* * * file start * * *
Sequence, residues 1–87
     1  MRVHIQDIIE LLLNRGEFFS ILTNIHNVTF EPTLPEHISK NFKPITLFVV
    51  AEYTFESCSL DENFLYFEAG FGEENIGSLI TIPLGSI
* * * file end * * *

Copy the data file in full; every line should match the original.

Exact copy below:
Sequence, residues 1–87
     1  MRVHIQDIIE LLLNRGEFFS ILTNIHNVTF EPTLPEHISK NFKPITLFVV
    51  AEYTFESCSL DENFLYFEAG FGEENIGSLI TIPLGSI